Generally, conventional tire forming mouldsconsist of a lower mould 5 having a mould surface 52 and an upper mould 5 having a mould surface 52' with the mould body or wall having therethrough a plurality of air venting holes (like 51, butnot shown in FIG. 3) having a diameter of from L0 to 2.0. mm. In the forming operation, thereis inserted a rubber material 6 between the upper and lower moulds prior to the vulcanization treatment. In the next step, steam under high pressure and hot water (about 160C) are introduced into a bladder 7 for expanding the same, so that the rubber material 6 is urged onto the mould surfaces 52 and 5 2' due to the high pressure and high temperature afforded by the aforesaid steam and hot water for the purpose of vulcanizing and forming said material to the shape ofatire. I
During the above-mentioned operation, the air being trapped between the rubber material 6 and mould surfaces 52 and 52 is discharged through a plurality ofair vents (not shown) to the atmosphere with the accompanying disadvantage that a part of such rubber material is forced, due to the aforesaid pressure, into theair vents. Accordingly, the tire is formed with a plurality of minuteprojections at such positions on its surfaces as correspond tothe positions of theair vents. To make matters worse, these minute projections'often are cut 'and remain in the air vents whenthetire is removed I fromflthe moulds, thereby clogging of the Jairvents.
Such clogged condition requires complicated and time consuming subsequent operations to remove the minute projections from the surface of the tireor to remove the minute projectionsfrom the vents before starting the next forming operation. These shcrtcomings result infailure toattain efficient mass production and cost savings. Such shortcomings also occur in forming other rubber or plastic products. Air vents having substantially large diameters are responsiblefor such clogging and for the formation of minute projections on the surface of the formed product, while the air vents having substantially small diameters will not cause the ingress of the forming material into the air vents to thereby eliminate the possibility of such clogging, or formation of such minute projections.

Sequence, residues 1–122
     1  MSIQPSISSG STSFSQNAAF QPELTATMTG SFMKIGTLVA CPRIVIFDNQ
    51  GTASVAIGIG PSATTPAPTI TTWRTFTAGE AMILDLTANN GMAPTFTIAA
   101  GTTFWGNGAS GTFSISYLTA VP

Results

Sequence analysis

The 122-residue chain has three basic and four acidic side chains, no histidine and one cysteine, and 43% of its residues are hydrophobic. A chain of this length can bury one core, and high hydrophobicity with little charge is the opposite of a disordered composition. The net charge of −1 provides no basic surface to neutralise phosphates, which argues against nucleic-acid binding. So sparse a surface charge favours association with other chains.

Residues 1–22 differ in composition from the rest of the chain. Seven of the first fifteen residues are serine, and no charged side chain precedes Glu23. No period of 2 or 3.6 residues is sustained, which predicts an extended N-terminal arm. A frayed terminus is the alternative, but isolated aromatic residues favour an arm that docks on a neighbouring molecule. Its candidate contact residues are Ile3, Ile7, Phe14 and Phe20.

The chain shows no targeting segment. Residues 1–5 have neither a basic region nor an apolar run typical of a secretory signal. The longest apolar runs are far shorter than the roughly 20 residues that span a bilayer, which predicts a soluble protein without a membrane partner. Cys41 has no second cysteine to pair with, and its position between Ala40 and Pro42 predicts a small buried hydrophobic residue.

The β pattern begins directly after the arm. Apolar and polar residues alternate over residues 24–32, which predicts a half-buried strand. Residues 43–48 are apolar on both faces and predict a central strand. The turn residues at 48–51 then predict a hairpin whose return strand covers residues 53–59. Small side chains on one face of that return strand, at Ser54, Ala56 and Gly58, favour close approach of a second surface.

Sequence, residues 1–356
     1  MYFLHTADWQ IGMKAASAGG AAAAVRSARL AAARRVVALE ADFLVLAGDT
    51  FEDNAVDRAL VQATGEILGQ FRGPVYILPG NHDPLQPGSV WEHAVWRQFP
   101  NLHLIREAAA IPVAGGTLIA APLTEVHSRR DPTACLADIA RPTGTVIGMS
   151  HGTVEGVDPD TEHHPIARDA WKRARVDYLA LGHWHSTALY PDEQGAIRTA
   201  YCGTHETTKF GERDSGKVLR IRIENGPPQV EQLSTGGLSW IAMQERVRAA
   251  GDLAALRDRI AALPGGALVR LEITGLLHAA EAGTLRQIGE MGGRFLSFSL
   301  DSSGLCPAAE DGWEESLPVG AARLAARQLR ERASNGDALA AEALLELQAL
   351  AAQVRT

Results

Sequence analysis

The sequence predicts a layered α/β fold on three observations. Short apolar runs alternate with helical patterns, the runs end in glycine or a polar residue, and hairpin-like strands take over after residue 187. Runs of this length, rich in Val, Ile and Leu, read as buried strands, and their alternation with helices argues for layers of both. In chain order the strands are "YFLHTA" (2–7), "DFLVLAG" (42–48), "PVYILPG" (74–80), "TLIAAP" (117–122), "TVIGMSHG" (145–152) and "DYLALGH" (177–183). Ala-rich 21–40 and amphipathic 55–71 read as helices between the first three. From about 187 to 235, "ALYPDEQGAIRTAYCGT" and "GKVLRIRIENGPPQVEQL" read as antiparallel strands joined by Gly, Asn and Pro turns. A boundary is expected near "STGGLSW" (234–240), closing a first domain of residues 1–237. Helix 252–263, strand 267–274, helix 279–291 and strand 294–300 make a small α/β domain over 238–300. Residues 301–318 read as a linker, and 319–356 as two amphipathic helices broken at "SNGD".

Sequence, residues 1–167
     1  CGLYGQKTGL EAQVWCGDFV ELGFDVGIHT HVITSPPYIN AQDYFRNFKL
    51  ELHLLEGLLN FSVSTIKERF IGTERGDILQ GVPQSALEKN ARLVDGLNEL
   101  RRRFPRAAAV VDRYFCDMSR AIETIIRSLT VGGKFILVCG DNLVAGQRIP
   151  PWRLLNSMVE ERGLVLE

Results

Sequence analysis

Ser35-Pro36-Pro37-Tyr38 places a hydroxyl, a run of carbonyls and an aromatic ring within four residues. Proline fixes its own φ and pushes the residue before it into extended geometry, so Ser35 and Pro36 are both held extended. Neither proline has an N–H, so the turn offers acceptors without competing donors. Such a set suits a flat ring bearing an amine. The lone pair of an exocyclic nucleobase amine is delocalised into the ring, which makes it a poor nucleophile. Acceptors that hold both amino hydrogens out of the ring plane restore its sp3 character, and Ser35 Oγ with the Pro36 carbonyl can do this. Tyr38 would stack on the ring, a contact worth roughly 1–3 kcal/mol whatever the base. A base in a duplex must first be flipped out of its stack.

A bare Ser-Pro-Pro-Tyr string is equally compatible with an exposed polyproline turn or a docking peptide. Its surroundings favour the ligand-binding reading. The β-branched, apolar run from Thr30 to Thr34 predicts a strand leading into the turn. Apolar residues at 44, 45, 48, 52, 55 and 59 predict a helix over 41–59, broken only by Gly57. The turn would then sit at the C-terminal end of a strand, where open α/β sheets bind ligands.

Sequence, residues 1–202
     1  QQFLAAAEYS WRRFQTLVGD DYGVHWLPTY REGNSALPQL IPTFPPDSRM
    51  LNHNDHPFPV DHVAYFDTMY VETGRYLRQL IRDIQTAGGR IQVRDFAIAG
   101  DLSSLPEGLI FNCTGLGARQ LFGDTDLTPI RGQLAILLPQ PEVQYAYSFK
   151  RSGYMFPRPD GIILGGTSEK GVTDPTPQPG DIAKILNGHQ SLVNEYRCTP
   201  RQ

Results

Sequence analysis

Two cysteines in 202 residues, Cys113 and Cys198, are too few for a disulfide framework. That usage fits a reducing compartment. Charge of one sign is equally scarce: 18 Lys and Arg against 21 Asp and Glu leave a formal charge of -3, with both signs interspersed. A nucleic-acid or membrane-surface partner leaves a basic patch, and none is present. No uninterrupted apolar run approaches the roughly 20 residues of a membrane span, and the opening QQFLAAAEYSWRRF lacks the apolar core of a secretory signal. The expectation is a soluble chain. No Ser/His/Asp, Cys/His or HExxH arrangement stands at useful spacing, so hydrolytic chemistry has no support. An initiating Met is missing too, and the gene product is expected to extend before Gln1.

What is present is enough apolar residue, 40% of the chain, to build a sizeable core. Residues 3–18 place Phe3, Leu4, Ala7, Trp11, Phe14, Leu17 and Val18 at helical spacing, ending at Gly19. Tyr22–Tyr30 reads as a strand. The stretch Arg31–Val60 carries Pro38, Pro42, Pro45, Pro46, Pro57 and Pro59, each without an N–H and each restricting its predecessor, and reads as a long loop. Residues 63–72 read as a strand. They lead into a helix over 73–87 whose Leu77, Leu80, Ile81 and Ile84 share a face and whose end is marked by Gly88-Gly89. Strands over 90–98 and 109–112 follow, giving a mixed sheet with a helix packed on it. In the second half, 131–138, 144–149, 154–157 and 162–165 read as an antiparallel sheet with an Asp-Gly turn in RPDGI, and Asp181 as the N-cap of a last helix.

According to one conventional moulding process, the diameter of the air vents used cannot be reduced below 1.0 to 2.0 mm., because the 'air venting holes have to be formed by drilling into the mould wall hav ing a relatively large thickness, and the 'diameterof.
such a hole will necessarily be equal to the diameter of the drill used, which can have a minimum diameter of 1 mm.
The present invention provides dies or moulds for forming a rubber, or plastic material, which comprise, for air venting purpose, cylindrical filters made from a sintered material, each of said filters having therethrough a plurality of linear air venting holes of an extremely small diameter, said holes extending substantially parallel to the axis of the filter. The filters are mounted in the dies, or moulds in such a manner that one face of the filter is open to the forming cavity of the die.
The sintered filter body, serving as air venting means, may be advantageously produced according to the process disclosed in co-pending U.S. Pat. application Ser. No. 142,166, now Pat. No. 3,751,271, using a metal powder, or ceramic powder. First, a plurality of metal wires or fabric wires that melt or burn at a temperature below the sintering temperature of the powder used,
are disposed in parallel relation to each other, and the powder is charged therearound, and then, such wires and powder are heated to a sintering temperature. During the sintering operation, the metal wires or fabric wires melt and infiltrate into the sintered body, or burn off to leave holes therein. Thus, the obtained filter constitutes a sintered matrix made of a metal, or ceramic, powder and infiltrated with copper.
According to the process of the present invention, it is possible to provide a sintered filter body with air venting hole having minute diameters as-small as 0.01 mm., or less. The preferred size of the venting holes is a diameter ranging from 0.1 mm. to 0.01 mm. With air venting holes less than 0.01 mm. in diameter, insufficient gas, or air venting results due to the great flow resistance of the fluid passing through the venting holes, whereas with venting holes of a diameter greater than 0.1 mm., there arises the possibility of the rubber, or plastic material entering the venting holes, even though no substantial pressure is applied to the rubber, or plastic material within the die cavity.